Energy Dept role is to optimize oil and gas benefit – Dr. Bynoe

─ Gov’t will not sell subsidised crude oil to private refinery

Guyana is expected to begin commercial oil production by March 2020

DPI, Guyana, Sunday, January 13, 2019

Director of the Department of Energy, Dr. Mark Bynoe has made it clear that there will be no subsidy for persons operating privately owned oil refineries. This disclosure stemmed from a matter raised by GuyEnergy’s Chief Executive Officer, Dr. Turhane Doerga.

Dr. Doerga, during the question and answer segment at the Department of Youth’s,  “Youths and Oil and Gas” discussion at the Umana Yana in Saturday, said that he was awaiting word from the government on buying 17 per cent of Guyana’s oil to refine at a facility to be constructed in Linden. He also enquired about the quantity being available at a subsidised price from government.

In response to that, Dr. Bynoe said that the role of the Energy Department is to optimize the benefits from oil and gas for Guyana. He noted that “anyone who wishes to open a refinery can do so, but they will not receive subsidized oil from the department. So, any private person wishing to open a refinery, they can do that. There is nothing that precludes them from doing that even today because they will still be purchasing oil at market prices.”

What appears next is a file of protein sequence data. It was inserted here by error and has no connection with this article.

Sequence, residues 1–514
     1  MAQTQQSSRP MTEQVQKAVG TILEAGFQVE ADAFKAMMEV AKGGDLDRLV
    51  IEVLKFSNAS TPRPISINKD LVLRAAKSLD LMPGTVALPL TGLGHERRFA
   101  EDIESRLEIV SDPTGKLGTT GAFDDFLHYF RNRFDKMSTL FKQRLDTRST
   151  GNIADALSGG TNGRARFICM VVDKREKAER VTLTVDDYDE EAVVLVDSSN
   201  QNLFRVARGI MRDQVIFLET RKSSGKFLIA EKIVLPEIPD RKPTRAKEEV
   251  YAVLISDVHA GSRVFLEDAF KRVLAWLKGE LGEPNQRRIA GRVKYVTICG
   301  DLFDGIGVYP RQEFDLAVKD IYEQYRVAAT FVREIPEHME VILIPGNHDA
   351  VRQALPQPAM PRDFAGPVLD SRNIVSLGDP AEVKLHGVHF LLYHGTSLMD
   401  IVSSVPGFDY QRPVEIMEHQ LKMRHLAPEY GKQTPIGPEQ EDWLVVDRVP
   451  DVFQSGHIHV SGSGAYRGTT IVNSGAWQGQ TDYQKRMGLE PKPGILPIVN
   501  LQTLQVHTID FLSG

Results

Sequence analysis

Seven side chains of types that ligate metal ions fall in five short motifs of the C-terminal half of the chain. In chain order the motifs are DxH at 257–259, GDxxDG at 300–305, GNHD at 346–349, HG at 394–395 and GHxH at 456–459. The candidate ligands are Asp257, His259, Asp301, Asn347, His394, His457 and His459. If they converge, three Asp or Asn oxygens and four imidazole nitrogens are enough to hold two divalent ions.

Echoing similar sentiments was Oil and Gas Adviser at the Department of Energy, Matthew Wilks who said that the government does not subsidise private businesses. “That’s not the purpose of the government. The government has to maximise the revenue for the State to go into State expenditure and, equally, I don’t think people in this room would probably feel happy if we end up subsidising private entities.”

He said that the idea of government constructing its own refinery is currently out of the picture but did not completely rule it out. Wilks said there are too many oil refineries worldwide and it is, therefore, cheaper to refine Guyana’s oil at one of the established facilities.

Nevertheless, he pointed out that “if we ended up discovering oil close to shore, wherever there is shallow water which means the only method of developing the oil is by pipeline, then a refinery starts to be pragmatic and potentially cost effective. Now, that’s not the case now, but it may be in the future, so I wouldn’t say it’s an absolute ‘no-no’ but in terms of deep-water oil, bringing oil to shore to refine in Guyana is probably cost ineffective and uneconomic.”

Guyana is expected to begin commercial oil production by March 2020 and is expected to rake in an initial annual revenue of US$300M. It was only last December that ExxonMobil made its 10th discovery offshore Guyana at the Pluma-1 well. The latest discovery has increased the estimated recoverable resource for the Stabroek Block to more than 5 billion oil-equivalent barrels.

By: Isaiah Braithwaite.

Images: Giovanie Gajie.


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